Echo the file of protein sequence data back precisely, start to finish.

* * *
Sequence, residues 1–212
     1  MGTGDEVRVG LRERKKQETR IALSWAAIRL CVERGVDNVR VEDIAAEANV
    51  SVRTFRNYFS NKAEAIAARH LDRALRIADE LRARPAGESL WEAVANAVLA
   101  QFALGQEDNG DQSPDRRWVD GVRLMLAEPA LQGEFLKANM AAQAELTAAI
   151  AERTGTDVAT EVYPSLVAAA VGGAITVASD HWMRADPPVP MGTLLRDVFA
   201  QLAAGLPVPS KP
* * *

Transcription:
Sequence, residues 1–212
     1  MGTGDEVRVG LRERKKQETR IALSWAAIRL CVERGVDNVR VEDIAAEANV
    51  SVRTFRNYFS NKAEAIAARH LDRALRIADE LRARPAGESL WEAVANAVLA
   101  QFALGQEDNG DQSPDRRWVD GVRLMLAEPA LQGEFLKANM AAQAELTAAI
   151  AERTGTDVAT EVYPSLVAAA VGGAITVASD HWMRADPPVP MGTLLRDVFA
   201  QLAAGLPVPS KP